When Aaron describes life growing up as a young boy and teenager, he illustrates a poignant picture of frequently searching for sustenance in dumpsters and navigating living in vehicles and on the street with his mother in the Venice community. “We were always struggling,” he shares, “I had no real foundation for feeling like I belonged. I had never been in school, I had never had friends, so I always felt very isolated and not a part of society.”

After his mother’s vehicle – their only form of shelter at the time – was impounded when he was 13 years old, they officially found themselves with no roof over their heads. In this snapshot of his life, a formal education and the concept of consistent employment were entirely absent for Aaron. But at 18 years old, he shifted the lens on his perspective and focused on one important realization, “Nobody was going to save me, I had to get myself out of the situation.”

Shortly after coming of age and securing a part-time vendor position at a farmer’s market, Aaron recalls a trip to a local Starbucks where he and his unhoused neighbors would often go to be in community while charging their devices and enjoying coffee. There, he met a man who told him about Chrysalis. With only informal and limited work history and a jaded view of supportive service organizations, Aaron wasn’t sure what to expect. But he was surprised after visiting Chrysalis’ Santa Monica center, “At first, my expectations were low. But everybody was friendly and professional. I felt respected… It felt like a real job, like I was really being interviewed, and I didn’t feel spoken down to or coddled. I felt like I was being challenged in a very professional environment.”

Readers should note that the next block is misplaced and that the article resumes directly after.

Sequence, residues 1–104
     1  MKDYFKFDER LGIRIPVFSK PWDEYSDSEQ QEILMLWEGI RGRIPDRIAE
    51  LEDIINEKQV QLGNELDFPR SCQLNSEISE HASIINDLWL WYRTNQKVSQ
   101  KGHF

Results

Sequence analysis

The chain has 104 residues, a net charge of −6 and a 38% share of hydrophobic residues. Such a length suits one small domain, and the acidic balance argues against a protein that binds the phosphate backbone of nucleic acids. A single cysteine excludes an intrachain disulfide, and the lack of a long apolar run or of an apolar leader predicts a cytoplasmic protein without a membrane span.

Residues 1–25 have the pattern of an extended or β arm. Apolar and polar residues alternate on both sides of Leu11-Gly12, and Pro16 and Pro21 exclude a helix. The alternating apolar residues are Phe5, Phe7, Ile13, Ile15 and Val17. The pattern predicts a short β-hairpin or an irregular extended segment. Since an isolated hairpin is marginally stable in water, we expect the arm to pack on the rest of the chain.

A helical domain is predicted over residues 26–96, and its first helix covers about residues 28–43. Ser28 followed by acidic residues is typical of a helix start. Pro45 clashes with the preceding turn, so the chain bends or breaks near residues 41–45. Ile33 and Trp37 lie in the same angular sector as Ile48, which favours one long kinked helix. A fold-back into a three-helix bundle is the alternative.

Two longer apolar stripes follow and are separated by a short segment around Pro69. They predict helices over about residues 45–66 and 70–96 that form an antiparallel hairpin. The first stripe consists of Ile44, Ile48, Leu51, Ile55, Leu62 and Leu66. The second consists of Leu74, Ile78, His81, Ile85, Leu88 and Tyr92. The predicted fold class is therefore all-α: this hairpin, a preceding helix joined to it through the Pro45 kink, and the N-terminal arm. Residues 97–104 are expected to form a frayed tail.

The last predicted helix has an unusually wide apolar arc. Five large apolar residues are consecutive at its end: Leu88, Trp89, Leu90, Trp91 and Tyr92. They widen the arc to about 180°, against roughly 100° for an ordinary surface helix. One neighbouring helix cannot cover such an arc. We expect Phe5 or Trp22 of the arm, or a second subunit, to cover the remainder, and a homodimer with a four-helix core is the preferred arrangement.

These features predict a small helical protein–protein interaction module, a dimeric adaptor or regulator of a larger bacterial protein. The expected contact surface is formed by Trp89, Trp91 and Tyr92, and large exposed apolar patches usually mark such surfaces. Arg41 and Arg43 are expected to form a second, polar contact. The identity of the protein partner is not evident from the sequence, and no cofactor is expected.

While going through our program, Aaron absorbed the importance of professionalism and punctuality, prepared to engage in a formal interview, and worked closely with his Employment Specialist to identify his goals (unofficially branded as his four pillars for quality of life):

  1. Get his own place
  2. Secure a decent computer
  3. Meet someone special
  4. Maintain employment

Shortly after securing a dishwashing job at a restaurant through a friend, the pandemic resulted in Aaron being let go. Despite this shift, he continued to thrive – through a Chrysalis referral to a partner organization he obtained his high school diploma, he was promoted to run the booth at the farmer’s market, he secured housing in Long Beach where he lives with his supportive girlfriend, he enrolled in college to obtain an IT certification (not long after building two desktop PC computers by hand), and discovered he had a passion for portrait photography!

Recently, Aaron found himself walking down an alley in his new neighborhood in Long Beach. In a quiet, yet celebratory voice, he reflects that he did not recognize that alley or those dumpsters. Instead, he saw the potential for new experiences and memories to be captured within a new community.

“It’s always possible to save yourself from a bad situation, and the biggest lesson is to always be responsible for yourself. I went through a lot of things that weren’t my fault, but ultimately, once I started taking responsibility for my health, my education, and my future, I would be able to have positive progress.”